According to NSA documents released by Edward Snowden, the U.S. government has engaged in reverse engineering of hardware designed to circumvent security.
Source: “Spiegel supply chain interdiction: Stealthy techniques can crack some of sigints hardest targets” by eff.org licensed under CC By 3.0 US
In a process shown in this photo, NSA employees intercepted packages containing Cisco routers, switches, and other network gear after it left the factory and before it reached the customer. They then opened the packages and inserted covert firmware into the devices that facilitated government monitoring.
Cybersecurity professionals are responsible for ensuring the confidentiality, integrity, and availability of information and systems maintained by their organizations. Confidentiality ensures that unauthorized individuals are not able to gain access to sensitive information. Integrity ensures that there are no unauthorized modifications to information or systems, either intentionally or unintentionally. Availability ensures that information and systems are ready to meet the needs of legitimate users at the time those users request them. Together, these three goals are known as the CIA Triad.
As cybersecurity analysts seek to protect their organizations, they must evaluate risks to the CIA Triad. This includes identifying vulnerabilities, recognizing corresponding threats, and determining the level of risk that results from vulnerability and threat combinations. Analysts must then evaluate each risk and identify appropriate risk management strategies to mitigate or otherwise address the risk.
Cybersecurity analysts mitigate risks using security controls designed to reduce the likelihood or impact of a risk. Network security controls include network access control (NAC) systems, firewalls, and network segmentation. Secure endpoint controls include hardened system configurations, patch management, Group Policies, and endpoint security software.
Penetration tests and reverse engineering provide analysts with the reassurance that the controls they’ve implemented to mitigate risks are functioning properly. By following a careful risk analysis and control process, analysts significantly enhance the confidentiality, integrity, and availability of information and systems under their control.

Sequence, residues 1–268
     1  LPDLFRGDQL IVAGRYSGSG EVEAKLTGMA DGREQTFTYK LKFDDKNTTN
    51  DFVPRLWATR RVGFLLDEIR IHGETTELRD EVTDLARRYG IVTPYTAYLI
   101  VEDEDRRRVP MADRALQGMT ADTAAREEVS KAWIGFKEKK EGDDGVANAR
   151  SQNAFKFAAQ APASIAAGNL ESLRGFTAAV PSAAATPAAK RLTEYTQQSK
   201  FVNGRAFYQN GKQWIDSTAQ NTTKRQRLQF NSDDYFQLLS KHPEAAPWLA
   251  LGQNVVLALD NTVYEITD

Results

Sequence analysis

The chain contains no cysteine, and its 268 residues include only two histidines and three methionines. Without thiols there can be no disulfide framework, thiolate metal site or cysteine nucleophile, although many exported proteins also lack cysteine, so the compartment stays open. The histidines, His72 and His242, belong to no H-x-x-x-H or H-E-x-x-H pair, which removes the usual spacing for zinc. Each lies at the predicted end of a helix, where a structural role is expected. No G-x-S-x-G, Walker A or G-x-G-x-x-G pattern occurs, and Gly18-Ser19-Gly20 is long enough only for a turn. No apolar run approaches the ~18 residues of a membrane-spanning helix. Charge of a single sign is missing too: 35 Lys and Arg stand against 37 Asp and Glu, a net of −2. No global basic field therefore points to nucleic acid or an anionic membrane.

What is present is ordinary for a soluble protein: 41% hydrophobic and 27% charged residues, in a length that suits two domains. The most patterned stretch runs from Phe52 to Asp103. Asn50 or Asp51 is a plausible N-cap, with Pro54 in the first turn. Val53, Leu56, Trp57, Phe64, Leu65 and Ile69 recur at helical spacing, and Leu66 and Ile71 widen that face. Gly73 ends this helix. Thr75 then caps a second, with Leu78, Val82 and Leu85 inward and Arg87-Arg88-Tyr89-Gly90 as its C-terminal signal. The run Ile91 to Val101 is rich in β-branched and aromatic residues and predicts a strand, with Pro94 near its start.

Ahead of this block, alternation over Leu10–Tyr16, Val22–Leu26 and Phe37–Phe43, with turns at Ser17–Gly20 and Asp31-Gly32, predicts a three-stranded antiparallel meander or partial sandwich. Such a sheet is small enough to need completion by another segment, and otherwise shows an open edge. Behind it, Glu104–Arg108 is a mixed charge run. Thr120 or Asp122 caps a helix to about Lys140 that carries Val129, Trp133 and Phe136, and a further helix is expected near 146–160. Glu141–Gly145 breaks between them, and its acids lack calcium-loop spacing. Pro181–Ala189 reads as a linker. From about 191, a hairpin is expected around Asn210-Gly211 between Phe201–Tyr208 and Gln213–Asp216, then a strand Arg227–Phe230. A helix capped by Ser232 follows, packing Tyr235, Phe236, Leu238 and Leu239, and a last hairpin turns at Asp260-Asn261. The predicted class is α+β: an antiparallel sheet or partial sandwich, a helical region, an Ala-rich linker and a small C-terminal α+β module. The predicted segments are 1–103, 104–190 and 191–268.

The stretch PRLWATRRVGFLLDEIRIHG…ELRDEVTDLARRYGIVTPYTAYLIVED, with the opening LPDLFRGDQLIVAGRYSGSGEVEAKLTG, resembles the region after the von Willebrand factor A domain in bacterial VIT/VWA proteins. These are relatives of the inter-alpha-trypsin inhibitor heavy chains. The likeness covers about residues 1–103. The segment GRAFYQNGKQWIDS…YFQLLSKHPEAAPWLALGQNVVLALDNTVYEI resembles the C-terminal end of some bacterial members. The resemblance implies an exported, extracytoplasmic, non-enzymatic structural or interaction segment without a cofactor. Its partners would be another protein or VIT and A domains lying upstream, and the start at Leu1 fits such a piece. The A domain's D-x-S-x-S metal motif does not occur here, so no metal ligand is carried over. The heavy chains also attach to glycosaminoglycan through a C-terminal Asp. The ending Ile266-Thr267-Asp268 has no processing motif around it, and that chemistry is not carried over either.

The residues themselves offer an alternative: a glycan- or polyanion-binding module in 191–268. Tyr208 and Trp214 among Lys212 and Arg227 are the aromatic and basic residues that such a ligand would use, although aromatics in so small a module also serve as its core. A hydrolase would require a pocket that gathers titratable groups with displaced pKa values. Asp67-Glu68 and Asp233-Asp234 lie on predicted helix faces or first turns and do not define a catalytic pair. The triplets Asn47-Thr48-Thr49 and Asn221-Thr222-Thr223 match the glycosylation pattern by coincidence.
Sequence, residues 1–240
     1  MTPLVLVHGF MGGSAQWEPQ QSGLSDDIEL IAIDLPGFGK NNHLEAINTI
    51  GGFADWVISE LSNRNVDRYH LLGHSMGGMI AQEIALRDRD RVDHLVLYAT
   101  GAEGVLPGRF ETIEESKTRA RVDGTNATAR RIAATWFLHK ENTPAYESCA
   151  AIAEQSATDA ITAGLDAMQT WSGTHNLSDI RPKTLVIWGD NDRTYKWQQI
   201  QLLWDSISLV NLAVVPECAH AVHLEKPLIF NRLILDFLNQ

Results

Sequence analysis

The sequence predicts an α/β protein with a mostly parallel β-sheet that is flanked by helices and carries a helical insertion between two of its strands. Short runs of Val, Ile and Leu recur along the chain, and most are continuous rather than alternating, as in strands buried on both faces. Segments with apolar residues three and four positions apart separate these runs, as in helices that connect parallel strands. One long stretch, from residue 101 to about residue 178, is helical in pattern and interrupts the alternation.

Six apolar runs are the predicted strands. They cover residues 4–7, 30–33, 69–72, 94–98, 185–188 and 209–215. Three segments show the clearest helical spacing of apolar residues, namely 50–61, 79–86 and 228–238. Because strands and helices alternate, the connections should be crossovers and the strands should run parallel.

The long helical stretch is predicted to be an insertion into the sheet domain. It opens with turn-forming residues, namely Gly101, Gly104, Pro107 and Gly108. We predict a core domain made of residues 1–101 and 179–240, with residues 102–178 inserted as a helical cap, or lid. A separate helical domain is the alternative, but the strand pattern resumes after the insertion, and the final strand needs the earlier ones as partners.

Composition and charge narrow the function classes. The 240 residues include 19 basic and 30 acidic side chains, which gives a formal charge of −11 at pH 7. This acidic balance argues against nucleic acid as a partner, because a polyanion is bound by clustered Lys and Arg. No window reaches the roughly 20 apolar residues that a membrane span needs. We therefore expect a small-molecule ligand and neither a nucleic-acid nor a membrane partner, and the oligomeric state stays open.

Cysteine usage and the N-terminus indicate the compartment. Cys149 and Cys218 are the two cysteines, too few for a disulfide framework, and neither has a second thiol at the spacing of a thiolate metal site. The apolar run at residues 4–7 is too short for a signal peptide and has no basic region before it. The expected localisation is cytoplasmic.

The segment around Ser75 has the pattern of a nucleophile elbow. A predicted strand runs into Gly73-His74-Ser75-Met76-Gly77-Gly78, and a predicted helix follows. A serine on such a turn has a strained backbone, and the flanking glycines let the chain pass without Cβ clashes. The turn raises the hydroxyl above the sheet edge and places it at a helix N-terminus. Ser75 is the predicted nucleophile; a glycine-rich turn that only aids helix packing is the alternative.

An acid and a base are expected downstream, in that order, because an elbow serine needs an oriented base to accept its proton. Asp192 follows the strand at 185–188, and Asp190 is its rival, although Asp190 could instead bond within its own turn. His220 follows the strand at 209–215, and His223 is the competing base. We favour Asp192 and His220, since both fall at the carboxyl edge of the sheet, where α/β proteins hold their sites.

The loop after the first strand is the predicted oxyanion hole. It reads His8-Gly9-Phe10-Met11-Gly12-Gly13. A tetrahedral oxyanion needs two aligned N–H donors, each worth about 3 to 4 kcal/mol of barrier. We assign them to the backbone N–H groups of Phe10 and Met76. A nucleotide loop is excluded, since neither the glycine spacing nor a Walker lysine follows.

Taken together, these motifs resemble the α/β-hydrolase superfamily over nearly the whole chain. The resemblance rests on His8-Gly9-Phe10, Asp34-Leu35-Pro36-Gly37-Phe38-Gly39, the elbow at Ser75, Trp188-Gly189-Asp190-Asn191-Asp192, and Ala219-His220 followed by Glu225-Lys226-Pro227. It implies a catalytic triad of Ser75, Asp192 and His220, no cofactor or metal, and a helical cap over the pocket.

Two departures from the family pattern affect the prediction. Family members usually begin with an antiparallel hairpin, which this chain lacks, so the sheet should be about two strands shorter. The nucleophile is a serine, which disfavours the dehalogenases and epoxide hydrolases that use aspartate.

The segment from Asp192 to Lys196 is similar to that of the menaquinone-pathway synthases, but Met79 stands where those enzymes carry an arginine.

The three objectives of cybersecurity are confidentiality, integrity, and availability. Confidentiality ensures that unauthorized individuals are not able to gain access to sensitive information. Integrity ensures that there are no unauthorized modifications to information or systems, either intentionally or unintentionally. Availability ensures that information and systems are ready to meet the needs of legitimate users at the time those users request them.
Cybersecurity risks result from the combination of a threat and a vulnerability. A vulnerability is a weakness in a device, system, application, or process that might allow an attack to take place. A threat in the world of cybersecurity is an outside force that may exploit a vulnerability.
Cybersecurity threats may be categorized as adversarial, accidental, structural, or environmental. Adversarial threats are individuals, groups, and organizations that are attempting to deliberately undermine the security of an organization. Accidental threats occur when individuals doing their routine work mistakenly perform an action that undermines security. Structural threats occur when equipment, software, or environmental controls fail due to the exhaustion of resources, exceeding their operational capability or simply failing due to age. Environmental threats occur when natural or man-made disasters occur that are outside the control of the organization.
Networks are made more secure through the use of network access control, firewalls, and segmentation. Network access control (NAC) solutions help security professionals achieve two cybersecurity objectives: limiting network access to authorized individuals and ensuring that systems accessing the organization’s network meet basic security requirements. Network firewalls sit at the boundaries between networks